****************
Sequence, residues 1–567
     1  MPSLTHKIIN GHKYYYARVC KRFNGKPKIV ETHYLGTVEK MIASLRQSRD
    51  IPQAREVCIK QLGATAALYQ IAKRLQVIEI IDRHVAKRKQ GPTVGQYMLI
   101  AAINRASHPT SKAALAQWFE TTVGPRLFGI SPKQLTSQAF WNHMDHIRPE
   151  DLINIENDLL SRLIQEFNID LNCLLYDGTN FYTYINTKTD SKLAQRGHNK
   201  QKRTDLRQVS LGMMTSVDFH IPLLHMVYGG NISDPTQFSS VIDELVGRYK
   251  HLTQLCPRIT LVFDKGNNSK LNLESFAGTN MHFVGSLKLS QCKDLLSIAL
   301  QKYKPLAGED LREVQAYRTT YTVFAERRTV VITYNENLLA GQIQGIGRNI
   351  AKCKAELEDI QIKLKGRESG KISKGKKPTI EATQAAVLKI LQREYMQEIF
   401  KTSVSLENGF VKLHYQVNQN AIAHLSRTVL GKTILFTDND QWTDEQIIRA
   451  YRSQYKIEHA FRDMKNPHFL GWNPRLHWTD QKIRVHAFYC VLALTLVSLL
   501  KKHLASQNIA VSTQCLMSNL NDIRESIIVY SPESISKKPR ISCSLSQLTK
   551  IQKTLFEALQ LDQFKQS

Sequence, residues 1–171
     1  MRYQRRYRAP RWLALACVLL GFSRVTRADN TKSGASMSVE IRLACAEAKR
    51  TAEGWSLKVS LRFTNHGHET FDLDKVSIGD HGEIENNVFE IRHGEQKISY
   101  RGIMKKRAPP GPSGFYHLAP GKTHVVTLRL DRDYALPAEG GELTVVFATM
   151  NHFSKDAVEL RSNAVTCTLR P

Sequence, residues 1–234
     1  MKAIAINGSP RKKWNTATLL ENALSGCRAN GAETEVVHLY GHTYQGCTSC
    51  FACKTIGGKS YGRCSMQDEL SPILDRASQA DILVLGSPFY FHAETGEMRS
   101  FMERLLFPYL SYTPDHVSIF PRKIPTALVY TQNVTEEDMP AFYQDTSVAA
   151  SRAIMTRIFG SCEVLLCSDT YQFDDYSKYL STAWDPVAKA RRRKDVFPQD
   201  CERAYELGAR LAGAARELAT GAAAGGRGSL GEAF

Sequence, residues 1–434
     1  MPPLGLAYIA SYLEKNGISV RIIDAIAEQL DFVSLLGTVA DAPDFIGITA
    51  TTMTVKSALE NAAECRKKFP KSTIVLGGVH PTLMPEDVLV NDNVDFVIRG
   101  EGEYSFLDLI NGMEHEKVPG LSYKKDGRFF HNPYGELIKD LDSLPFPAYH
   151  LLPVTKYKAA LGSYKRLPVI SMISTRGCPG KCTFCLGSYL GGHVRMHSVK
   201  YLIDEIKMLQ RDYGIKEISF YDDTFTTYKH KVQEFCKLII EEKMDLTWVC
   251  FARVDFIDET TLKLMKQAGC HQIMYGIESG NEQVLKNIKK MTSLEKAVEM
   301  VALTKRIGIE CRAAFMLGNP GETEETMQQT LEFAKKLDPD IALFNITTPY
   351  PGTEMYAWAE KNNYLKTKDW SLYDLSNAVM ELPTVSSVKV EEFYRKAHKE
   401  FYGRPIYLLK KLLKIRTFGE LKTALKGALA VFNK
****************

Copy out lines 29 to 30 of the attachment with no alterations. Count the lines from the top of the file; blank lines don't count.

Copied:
   151  LLPVTKYKAA LGSYKRLPVI SMISTRGCPG KCTFCLGSYL GGHVRMHSVK
   201  YLIDEIKMLQ RDYGIKEISF YDDTFTTYKH KVQEFCKLII EEKMDLTWVC